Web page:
The organizers offer the following rejoinder to the predominant art-historical narrative: “The history of Pop art is a history of circulation” (11). This notion of exchange—of ideas, images, and commodities—underscores the premise that Pop was neither a movement nor style, but rather a phenomenon that developed simultaneously and in conjunction with several other artistic trajectories, including: Nouveau Réalisme, Concretism, Neo-Concretism, Anti-Art, Happenings, Dada, Neo-Dada, Fluxus, and Op. Moreover, it is this thesis that has guided the organization of the show, which aims to attend to both particular national and historical contexts and to the formal and conceptual similarities that transcended them. The resolution is a focus on the institutions and movements of five specific geographies: the Independent Group and the New Scene in Britain, the New Consciousness in Brazil, Capitalist Realism in Germany, the Instituto Torcuato Di Tella and Pop Lunfardo in Argentina, and the Tokyo Pop of the Sōgetsu Art Center in Japan. Thematic sections, which elaborate on the role of media, the influence of politics, and the reaction against abstraction and modernism implicit in the return to realism are interspersed as follows: New Realisms, The Image Travels, Distribution and Domesticity, Pop and Politics, and Love and Despair.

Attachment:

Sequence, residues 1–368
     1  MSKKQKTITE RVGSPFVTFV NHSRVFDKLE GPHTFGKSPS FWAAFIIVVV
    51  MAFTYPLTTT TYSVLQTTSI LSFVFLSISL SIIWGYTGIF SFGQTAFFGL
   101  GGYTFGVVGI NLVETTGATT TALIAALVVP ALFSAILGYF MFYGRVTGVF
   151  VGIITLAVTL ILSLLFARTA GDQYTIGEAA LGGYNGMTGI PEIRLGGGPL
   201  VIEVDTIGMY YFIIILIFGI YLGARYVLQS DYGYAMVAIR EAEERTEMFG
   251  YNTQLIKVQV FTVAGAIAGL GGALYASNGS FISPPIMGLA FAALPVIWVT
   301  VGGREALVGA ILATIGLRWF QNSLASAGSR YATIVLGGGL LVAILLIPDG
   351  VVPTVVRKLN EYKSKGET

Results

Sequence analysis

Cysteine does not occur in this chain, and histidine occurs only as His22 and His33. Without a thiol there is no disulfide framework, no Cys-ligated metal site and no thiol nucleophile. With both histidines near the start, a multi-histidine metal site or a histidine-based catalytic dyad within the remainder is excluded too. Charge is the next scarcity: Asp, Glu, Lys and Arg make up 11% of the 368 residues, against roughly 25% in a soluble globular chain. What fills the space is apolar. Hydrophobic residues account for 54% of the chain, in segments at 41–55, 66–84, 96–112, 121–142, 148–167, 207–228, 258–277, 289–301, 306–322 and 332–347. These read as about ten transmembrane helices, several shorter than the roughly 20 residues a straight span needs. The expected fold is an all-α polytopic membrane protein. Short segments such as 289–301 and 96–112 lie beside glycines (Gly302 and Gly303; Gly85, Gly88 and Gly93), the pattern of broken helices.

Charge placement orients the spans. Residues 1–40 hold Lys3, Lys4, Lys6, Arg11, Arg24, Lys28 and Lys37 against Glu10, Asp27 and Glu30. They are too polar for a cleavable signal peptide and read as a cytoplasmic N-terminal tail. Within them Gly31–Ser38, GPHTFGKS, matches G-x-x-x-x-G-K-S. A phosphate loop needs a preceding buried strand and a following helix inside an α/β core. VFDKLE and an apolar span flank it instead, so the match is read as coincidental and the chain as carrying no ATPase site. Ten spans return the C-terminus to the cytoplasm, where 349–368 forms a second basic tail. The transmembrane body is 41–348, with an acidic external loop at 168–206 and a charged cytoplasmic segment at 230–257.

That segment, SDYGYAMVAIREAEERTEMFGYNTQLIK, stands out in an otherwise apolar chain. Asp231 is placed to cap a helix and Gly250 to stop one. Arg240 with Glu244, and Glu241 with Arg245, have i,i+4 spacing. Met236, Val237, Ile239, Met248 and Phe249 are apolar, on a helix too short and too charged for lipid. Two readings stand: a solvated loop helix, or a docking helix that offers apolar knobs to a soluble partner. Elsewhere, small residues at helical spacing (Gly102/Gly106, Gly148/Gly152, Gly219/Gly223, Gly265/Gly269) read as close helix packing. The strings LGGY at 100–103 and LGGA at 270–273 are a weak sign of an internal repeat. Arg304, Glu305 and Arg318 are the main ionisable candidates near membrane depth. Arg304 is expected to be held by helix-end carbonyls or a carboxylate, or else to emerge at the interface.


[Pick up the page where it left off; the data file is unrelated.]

For an exhibition that strives to be both historical and historiographical, the section entitled “New Realisms” is a fitting introduction to the discourse on Pop. The title is a reference to the 1962 International Exhibition of the New Realists at the Sidney Janis Gallery, New York, which included works by Andy Warhol, Roy Lichtenstein, and Claes Oldenburg, and is considered the first major exhibition of Pop art in the United States. While the show was originally intended as a second iteration of Pierre Restany’s 1961 exhibition Le Nouveau Réalisme à Paris et à New York at Galerie Rive Droite in Paris, the International Exhibition of the New Realists focused much more intently on U.S. production, leaving the French contributors Martial Raysse, Niki de Saint Phalle, and Jean Tinguely feeling marginalized. According to the wall text, International Pop seeks to reexamine that “generative moment” and “to embrace the origins of Pop’s stylistic diversity and internationalism.” The revisionary exercise is carried out here with an installation of artworks in several media that demonstrate Pop’s reclamation of realism in response to a host of modernist precedents. A display case contains works by Warhol, Jasper Johns, Genpei Akasegawa, Yayoi Kusama, Christo, and Cildo Meireles recognizable as reproductions of commonplace objects and offering commentary (whether critical or celebratory) on consumer culture. These concerns are later taken up in “Distribution and Domesticity,” which reflects upon commodity culture and the promotion of consumerism as a lifestyle in the 1950s and 1960s.